School students from across the country have taken a head start over adults by participating in a mock election. Approximately 115,000 students from 775 schools cast their votes for parties and local electorate candidates mirroring the actual general election. The Electoral Commission facilitated the initiative by providing schools with voting equipment.
Remuera Intermediate School’s mock election saw Sameer managing the queue of voting students, describing the process as straightforward. Norah, part of the school’s publicity team, revealed mixed opinions on whether teenagers should be allowed to vote. While some believe teenagers lack full understanding of the electoral process, others feel they should be entitled to vote. Maelee, another student, expressed enthusiasm about voting when she turns 18 and highlighted the importance of greater voting participation, especially among the Māori and Pasifika youth.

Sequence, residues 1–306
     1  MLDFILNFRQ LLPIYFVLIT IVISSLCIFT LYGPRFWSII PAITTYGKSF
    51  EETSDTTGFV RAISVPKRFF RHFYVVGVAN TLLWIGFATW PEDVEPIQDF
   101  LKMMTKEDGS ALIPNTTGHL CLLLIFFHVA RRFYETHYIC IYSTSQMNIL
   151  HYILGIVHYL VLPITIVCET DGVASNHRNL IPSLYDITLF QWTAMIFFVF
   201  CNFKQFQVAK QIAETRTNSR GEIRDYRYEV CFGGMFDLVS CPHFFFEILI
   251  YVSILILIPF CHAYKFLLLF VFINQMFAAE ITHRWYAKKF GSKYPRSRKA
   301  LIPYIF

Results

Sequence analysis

The school’s teacher, Julie Miller, emphasized the importance of early electoral education. She said, “Running it like this means they’re a lot more prepared and engaged in the future.” Anusha Guler from the Electoral Commission pointed out the traditionally low participation of youth in elections, stating that early awareness can boost involvement.
Students expressed gratitude for the Kids Voting programme, which they felt contributed significantly to their interest in the election. The programme taught them about Parliament’s functioning, the election of a government, and the freedom of choice in voting. Luka, one of the students, highlighted the importance of choosing the nation’s leader and encouraged more people to vote.
However, when asked about their mock election choices, Sameer and William remained tight-lipped. The results from the student voting will be disclosed after the official election results are announced.